Don't be fooled. Inside this thin coating of sweetness is a fiery core of total insanity.

Sunday, November 28, 2010

Mush -- And an Early Christmas Present

Well, last week's snow and cold turned a lot of my perennials to mush, pretty quickly. At the time that we got the snow, we hadn't even had a frost yet, so lots of things were still quite green and growing and flowering, even. Most of my shrubs hadn't even lost their leaves yet, in fact, most of them still had green leaves. Well, technically, I guess they're still green, but it's a strange drab olive green, you know the color lettuce goes when it freezes?

The snow is gone now, the weather turned a bit warmer on Thanksgiving day, and then the next day almost all of it had washed away in the rain. It got up to about 40 degrees out there today, so I spent a couple of hours in my squishy garden cutting back all the mushy foliage.

Anyway, here is a warning -- you risk looking at pictures of garden ugliness if you continue to read on and scroll down!

I knew my Dahlias would turn. I need to figure out if I need to do anything special to them to try to ensure their survival over the winter. They risk getting water-logged if I do nothing. I'm trying to figure out if mulching them will help. Will it keep water in, or will it repel any future water? I think I will try a few experiments.

Mushy Dahlia foliage

Eupatorium 'Little Joe'


Cardinal Flower

Chocolate Eupatorium


Agastache 'Tutti-Frutti'

Persicaria 'Red Dragon'

Hydrangea quercifolia 'Alice'

Hydrangea quercifolia 'Litte Honey'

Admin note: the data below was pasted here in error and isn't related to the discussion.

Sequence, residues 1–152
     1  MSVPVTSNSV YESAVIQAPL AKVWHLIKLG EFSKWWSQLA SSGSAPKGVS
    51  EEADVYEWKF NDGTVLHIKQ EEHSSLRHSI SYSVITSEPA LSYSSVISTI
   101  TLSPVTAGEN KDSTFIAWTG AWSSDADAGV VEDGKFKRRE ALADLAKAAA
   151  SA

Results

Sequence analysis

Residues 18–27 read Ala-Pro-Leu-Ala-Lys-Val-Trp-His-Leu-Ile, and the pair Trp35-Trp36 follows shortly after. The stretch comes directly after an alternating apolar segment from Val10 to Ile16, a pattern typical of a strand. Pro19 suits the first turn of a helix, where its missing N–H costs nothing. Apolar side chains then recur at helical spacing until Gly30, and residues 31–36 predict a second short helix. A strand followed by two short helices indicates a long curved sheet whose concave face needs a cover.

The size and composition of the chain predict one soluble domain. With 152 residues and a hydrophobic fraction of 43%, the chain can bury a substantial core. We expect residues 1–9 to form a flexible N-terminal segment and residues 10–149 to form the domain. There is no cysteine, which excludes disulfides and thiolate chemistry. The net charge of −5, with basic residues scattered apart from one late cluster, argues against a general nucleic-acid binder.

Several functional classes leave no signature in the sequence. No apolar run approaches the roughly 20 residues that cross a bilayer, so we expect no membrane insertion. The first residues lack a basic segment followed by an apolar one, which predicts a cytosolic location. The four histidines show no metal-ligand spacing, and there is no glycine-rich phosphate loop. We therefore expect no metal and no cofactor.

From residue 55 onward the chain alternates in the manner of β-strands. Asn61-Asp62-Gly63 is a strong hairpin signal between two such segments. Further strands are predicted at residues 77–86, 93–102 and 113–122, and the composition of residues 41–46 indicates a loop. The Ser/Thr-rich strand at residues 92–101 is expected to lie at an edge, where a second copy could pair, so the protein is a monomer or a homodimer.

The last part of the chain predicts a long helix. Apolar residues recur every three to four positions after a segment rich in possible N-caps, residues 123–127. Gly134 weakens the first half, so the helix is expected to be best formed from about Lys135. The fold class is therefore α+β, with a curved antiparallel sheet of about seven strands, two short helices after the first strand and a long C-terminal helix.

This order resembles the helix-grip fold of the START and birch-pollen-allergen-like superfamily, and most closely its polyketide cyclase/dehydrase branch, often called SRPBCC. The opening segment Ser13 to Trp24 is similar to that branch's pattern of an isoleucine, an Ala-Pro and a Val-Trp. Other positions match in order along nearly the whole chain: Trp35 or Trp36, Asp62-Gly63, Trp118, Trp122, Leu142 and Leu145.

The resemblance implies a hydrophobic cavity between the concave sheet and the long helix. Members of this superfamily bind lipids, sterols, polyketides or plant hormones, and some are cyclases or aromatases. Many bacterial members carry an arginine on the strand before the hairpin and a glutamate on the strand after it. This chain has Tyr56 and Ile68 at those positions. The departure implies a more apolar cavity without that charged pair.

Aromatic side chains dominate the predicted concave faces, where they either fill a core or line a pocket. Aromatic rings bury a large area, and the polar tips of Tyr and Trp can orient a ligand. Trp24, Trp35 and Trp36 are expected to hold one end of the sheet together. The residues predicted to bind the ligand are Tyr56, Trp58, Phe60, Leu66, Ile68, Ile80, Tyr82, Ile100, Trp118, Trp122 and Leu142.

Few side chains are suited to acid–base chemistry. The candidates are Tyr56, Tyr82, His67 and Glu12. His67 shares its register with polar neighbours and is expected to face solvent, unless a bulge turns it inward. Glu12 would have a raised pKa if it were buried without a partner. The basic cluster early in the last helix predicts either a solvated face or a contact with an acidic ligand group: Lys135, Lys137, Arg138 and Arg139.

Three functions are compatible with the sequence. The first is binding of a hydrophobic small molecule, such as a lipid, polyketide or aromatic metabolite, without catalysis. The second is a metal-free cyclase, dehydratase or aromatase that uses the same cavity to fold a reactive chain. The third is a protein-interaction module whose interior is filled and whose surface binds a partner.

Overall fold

I've never grown Hydrangeas before, so I don't know if this is normal Fall behavior for them or not. I guess I'll find out come Spring.

Did you survive all those ugly pictures? Are you still with me? If you are, then you get to see my early Christmas present.

It's a NatureMill automatic compost bin! It actually came a couple of weeks ago, a surprise early Christmas present from my husband.
It runs on electric power, and has a motor to turn the stuff inside, as well as a heater to heat it up. It turns this --
Into this!

The compost inside does get a bit stinky, but I have it outside on my sheltered back porch, where I have an outdoor electric outlet. I have to sprinkle sawdust pellets in it to balance the greens and browns. They are the same pellets that I use as cat litter, so my plan is to use used cat litter. The instructions say you can put solid cat waste in it too, cause it cooks it to get rid of pathogens, but I don't think I will chance that. I have always used the used cat litter in my compost, with the solids removed.

I have always been bad about dragging veggie peelings and food waste down to the compost bin way in the back. I'll still compost with that set of bins, but I'll do garden trimmings there.

So far, it's working great, and I love it!

Tuesday, November 23, 2010

Birdie Tracks in the Snow

Junco on the porch feeder

Waiting for a turn.

Snow on my beak.

He was there a second ago....Ah well, not fast enough with the camera.

Monday, November 22, 2010

Snowy Pictures